Harry Wong, a seminar-giving super-teacher defines the phases of teaching as Fantasy, Survival, Mastery, and Impact. Fantasy was where I was before I started, survival is where I was last year. I feel I am moving towards mastery. Who knows how far off impact is.

Kevin Sullivan isn't a fantastically wealthy teaching consultant, but I liked his description of teaching:

We used to say,
"in a teacher's first year, the teacher learns"
"in a teacher's second year, the student learns"

And the cynical added
"after that no one learns"

And I'm still fond of my own formulation:
Teaching is a marathon, not a sprint. It's a baseball season, not a football season. It's a ground game, not a passing game--you grind out the yardage inch by inch on the way to the goal line. Don't swing for the fences every day--take a single if you can hit one.

Wow! What a Cold!

I got sick the day after the election. I know a lot of people who did. The letdown was palpable around here, as was the depression and fear. That's got to affect your immune system.

It was just a bother for the first week, but then it peaked and became a constant hacking cough during the second week. Wednesday of Thanksgiving Week marks the third week of this cough, which is so bad at night I have to sleep in the guest bedroom--partly to help Vicki get a good night's sleep, partly because it is easier to sleep sitting up in that bed.

I love my students, but Oh! Their germs.

I barely made it through last week--wouldn't have made it, except that we had a Potluck Thanksgiving feast on Thursday I wasn't about to force my colleague to run by herself. Plus there was a test and a quiz and mid-quarter progress reports.

This is why it fries my beans that administrators think we're constantly trying to cheat them with sick days; they never consider the days we drag in because we're professionals and feel we have to be there. I sincerely hope I didn't give a single student my cold, even though one of them probably gave me theirs. But I did what I had to; I'm a teacher. Still, it's heck to have a cold you can't sleep off because you can't sleep because you have a cold.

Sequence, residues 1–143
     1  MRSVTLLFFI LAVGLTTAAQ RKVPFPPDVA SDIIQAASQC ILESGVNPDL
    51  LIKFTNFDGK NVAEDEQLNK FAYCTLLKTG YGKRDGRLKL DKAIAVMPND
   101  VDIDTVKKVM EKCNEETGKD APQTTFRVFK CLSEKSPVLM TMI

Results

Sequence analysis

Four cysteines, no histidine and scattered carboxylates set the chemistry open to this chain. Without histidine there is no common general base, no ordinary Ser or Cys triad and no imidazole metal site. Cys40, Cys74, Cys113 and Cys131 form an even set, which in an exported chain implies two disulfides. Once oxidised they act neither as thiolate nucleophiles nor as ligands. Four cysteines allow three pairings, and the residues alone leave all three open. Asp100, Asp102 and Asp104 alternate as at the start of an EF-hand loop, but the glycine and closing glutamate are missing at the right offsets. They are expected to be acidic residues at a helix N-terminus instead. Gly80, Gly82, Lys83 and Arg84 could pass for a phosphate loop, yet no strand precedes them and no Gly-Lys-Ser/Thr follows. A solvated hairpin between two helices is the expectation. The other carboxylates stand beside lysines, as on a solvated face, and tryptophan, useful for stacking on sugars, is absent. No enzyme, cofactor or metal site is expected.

Marlow in The Netherlands

Marlow is in The Netherlands right now, at Leiden University, working on her degree in International Relations. Here's what's new from her:

Christmas is a little different in The Netherlands.

So I went with Onno this weekend to Friesland. I worked really hard on Thursday and Friday on my two papers, on one the UN and China and one on the EU and China, the first due on Tuesday, the second due on December 3rdish (we can hand it in on the 6th, following Monday, but if we do that he'd like us to feel guilty about it). I did enough work on both to feel good about finally getting out of Leiden. We got to the train station around ten, I brought my computer and some homework. We went to Zwaagwesteinde where Onno's parents live, but first we had to transfer at Schipol and Amsterdam, and then we stopped to visit Onno's brother M who works at a coffeeshop in the capital city of Friesland, the biggest city of the northern province, whose name I can't remember. I could look it up.

Anyway, M works at a place called De Os, the Ox, but we couldn't exactly find it, so we wandered around the downtown area and the shopping district, which was littered with pepernoten, or spiced cookies, that were soggy in the gutter from the procession earlier welcoming Sint Klaas to the city, his assistants Zwarte Pete, or Black Peters, through the cookies to the good kids, but the bad kids they beat with sticks and stick in their present bags to take back to Spain, where Sint Klaas came from on a steamboat, even though he is from Turkey. He was a Bishop. It's quite an involved story. It was good to actually finally see it though, since I've been seeing all the adds on tv, and now I finally got to see the guy who the pointy hat and the beard and the cane...